Fourth Circuit Limits Scope of EEOC Charge

Under Title VII, an employee suing for discrimination or retaliation must first file an administrative charge of discrimination with the EEOC or a state or local fair employment practices agency.  The purpose of this requirement is to ensure that the employer is put on notice of the allegations, and that the administrative agency is given a chance to investigate, before an employee pursues the case in court.  Because of this requirement, one issue...
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New Federal Guidelines for Federal Contractors and Subcontractors in Considering Criminal Records

Randi Klein Hyatt
Randi Klein Hyatt
03/13/2013
On January 29, 2013, the U.S. Department of Labor Office of Federal Contract Compliance Programs (“OFCCP”) issued Directive 306, “Complying with Nondiscrimination Provisions: Criminal Record Restrictions and Discrimination Based on Race and National Origin.”  Effective upon its issuance, Directive 306 applies to all covered federal contractors and subcontractors, and requires contractors to carefully tailor the use of an applicant’s...
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Former Virginia Tech Employees’ Title VII and Equal Pay Act Claims Remain Viable

Garrett Wozniak
Garrett Wozniak
03/06/2013
The Fourth Circuit recently issued an opinion addressing employment discrimination allegations raised by three former female employees of Virginia Tech University.  In Maron v. Virginia Polytechnic Institute and State University, No. 12-1146 (4th Cir. Jan. 31, 2013) (unpublished), the plaintiffs claimed that Virginia Tech violated the Equal Pay Act (EPA) when the University paid female employees less than males employees performing the same work. ...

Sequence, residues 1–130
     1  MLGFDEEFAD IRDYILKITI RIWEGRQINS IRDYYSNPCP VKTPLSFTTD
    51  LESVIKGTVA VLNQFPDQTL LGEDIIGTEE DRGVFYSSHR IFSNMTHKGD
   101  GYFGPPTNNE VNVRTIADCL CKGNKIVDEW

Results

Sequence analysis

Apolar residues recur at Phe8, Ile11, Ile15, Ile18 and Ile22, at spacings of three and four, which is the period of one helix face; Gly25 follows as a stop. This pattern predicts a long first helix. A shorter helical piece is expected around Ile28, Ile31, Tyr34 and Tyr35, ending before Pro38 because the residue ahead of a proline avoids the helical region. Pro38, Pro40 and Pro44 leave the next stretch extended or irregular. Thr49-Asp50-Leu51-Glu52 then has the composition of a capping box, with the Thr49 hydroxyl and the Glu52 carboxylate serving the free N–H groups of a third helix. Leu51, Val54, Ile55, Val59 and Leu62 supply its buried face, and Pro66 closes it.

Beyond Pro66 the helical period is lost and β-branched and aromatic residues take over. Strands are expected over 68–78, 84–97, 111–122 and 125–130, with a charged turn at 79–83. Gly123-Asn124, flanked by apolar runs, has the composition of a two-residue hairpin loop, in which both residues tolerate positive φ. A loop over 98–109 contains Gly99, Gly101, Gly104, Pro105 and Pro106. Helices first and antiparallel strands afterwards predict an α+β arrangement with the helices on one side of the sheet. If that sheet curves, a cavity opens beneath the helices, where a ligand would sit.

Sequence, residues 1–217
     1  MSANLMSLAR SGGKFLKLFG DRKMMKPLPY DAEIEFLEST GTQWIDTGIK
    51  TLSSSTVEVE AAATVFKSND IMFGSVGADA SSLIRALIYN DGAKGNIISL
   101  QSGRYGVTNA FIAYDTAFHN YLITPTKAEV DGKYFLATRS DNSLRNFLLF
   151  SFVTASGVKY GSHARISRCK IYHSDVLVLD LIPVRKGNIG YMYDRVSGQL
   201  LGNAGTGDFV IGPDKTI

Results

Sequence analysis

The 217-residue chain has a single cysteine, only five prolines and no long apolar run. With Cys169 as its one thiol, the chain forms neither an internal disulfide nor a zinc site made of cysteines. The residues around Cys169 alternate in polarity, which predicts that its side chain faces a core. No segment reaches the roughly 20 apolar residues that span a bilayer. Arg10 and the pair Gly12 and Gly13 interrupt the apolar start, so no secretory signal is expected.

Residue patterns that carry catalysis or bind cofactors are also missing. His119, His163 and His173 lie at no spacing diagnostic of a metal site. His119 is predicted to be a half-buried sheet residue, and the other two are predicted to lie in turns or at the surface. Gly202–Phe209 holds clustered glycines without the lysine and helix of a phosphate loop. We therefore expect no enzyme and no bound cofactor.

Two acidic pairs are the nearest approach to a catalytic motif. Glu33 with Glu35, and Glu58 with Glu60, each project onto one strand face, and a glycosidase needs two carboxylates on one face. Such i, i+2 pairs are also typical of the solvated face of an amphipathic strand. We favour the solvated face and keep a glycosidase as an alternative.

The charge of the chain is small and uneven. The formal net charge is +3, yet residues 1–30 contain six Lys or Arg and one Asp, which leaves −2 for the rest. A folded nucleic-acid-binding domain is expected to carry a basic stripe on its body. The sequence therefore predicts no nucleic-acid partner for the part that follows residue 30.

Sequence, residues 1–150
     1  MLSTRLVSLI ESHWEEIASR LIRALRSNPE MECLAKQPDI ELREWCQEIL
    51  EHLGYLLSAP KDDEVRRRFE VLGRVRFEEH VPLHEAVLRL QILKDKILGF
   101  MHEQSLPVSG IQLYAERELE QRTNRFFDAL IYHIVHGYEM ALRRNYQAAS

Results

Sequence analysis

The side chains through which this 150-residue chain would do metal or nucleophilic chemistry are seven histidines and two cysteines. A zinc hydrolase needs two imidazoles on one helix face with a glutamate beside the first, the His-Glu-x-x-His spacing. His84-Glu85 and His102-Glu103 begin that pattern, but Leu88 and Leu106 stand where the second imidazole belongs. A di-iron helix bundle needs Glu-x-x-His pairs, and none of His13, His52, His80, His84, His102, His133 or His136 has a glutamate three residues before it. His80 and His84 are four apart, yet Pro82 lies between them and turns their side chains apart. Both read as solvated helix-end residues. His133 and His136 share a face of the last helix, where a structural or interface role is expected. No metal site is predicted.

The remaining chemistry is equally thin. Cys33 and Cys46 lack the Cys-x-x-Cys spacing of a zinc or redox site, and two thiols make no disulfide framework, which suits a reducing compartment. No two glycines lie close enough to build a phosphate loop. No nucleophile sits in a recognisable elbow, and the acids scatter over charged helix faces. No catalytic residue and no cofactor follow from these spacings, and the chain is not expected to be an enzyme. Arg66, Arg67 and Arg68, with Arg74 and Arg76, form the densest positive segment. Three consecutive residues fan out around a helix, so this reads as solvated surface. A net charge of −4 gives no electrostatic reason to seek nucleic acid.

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Court Grants Conditional Class Certification For Police Officers’ Overtime Claim Based On After Hours Blackberry Use

Randi Klein Hyatt
Randi Klein Hyatt
02/27/2013
On January 14, 2013, a federal district court approved a Chicago police sergeant’s request for conditional certification of an FLSA collective action for unpaid overtime wages.  Allen v. Chicago, No. 10-03183 (N.D. Ill. Jan. 14, 2013). The lawsuit alleges that the Chicago Police Department failed to pay police officers overtime pay for time spent working on their city-issued BlackBerry devices after regular work hours.  According to the...
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No FMLA Claim For Employee Who Posted Vacation Photos On Facebook During Leave

Randi Klein Hyatt
Randi Klein Hyatt
02/26/2013
A federal court in Michigan recently dismissed the FMLA claims of an employee fired for misuse of FMLA leave and dishonesty after posting photographs of her vacation on Facebook while on medical leave.  Lineberry v. Richards, No. 2: 11-13752 (E.D. Mich. Feb. 5, 2013).   Carol Lineberry worked as a registered nurse for Detroit Medical Center (DMC).  In January 2011, Lineberry complained of excruciating pain in her back and legs after moving...
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Employee Not Entitled To FMLA After Failing To Produce Health Care Provider Certification